You might have heard this story about a justice of the peace in Louisiana who’s been refusing to give marriage licences to interracial couples on the grounds that their children won’t be accepted by either white or black people. Now, he’s obviously a complete idiot, and he should almost certainly lose his job, but it’s not absolutely clear that he is a racist, as most people are saying.
Well, all right, he also adds that he doesn’t “believe in mixing the races that way”, which implies to me that yes, he probably is a racist.
But he says that his main reason is that the children will suffer, and this has more to do with the racial prejudice he assumes in others. And, for all I know, he may be right in this assumption: maybe there is a great deal of prejudice in Louisiana towards mixed-race children, and maybe they do get bullied and rejected disproportionately. In other words, although this particular guy seems to be a racist, you could imagine someone who wasn’t racist making the same argument. The basic argument, after all, seems simple and compelling:
Don’t do things that will lead your children to suffer disproportionately.
It falls apart rather in this case, of course, when you consider that people are perfectly capable of making children without being married. And, one might add, one of the best ways to encourage acceptance of mixed-race kids is to make more of them. But then, it seems, you’re kind of asking the first few of them to help clear the way for the next ones. And they didn’t ask to be martyrs.
So the issue is this: if it is the case that the children of interracial partnerships will suffer more than other children (which I suspect may be the case in most parts of the world), but that this is not an argument against interracial couples having children (and I don’t think it is), then presumably we must accept that there’s a certain level of extra suffering that’s acceptable. And that seems reasonable enough. But what is this level?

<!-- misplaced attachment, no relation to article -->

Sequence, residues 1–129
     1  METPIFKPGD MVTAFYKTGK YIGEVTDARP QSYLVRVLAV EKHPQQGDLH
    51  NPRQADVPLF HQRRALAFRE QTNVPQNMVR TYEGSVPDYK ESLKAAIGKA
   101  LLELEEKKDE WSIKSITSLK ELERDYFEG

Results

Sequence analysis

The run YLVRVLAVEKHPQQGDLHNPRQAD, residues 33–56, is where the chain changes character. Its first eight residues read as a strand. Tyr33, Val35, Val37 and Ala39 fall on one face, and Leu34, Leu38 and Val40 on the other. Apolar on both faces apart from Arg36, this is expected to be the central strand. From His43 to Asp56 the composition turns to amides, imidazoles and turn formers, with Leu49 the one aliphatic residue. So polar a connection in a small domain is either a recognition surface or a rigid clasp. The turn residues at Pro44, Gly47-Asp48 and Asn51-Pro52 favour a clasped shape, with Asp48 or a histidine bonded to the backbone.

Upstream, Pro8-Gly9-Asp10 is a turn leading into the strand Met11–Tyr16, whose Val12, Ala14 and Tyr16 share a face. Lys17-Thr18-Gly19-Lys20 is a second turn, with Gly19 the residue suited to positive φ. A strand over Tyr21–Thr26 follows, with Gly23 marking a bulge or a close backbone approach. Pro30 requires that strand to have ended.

You get the same argument made against gay adoption, and I think—interestingly—that more people find this compelling. It is apparently the case that children brought up by lesbians don’t get bullied much more than those brought up by straight couples, but that children brought up by gay men do (unfortunately, I can’t remember the source of the stats, or what the dates were). If this is the case, it suggests to a lot of people that gay men shouldn’t adopt, that their adoption is actually selfish: it fulfils their desire to have children, while the children are likely to suffer more than most. Is this different from the interracial case? If so, why?
Interestingly, while many religious people would be against gay marriage, and would make that argument, this is not a question that really divides people neatly along religious lines. Consider parents who know it’s likely, because of their own genes, that their children will be born with some disability. Or parents who have the option to abort a foetus, which they discover will be disabled in some way, but choose not to. Are they wrong to make this decision? Does it depend on the disability? In which case, how bad does it have to be?
I’m not arguing that that idiot in Louisiana was right. It seems pretty clear that he wasn’t. Nor, of course, am I arguing against interracial marriage or against making mixed-race babies. But I think that this guy’s argument for not wanting these people to marry is an expression of a rather more serious moral question, whose answer is not straightforward, and is at least a little troubling for religious and non-religious alike.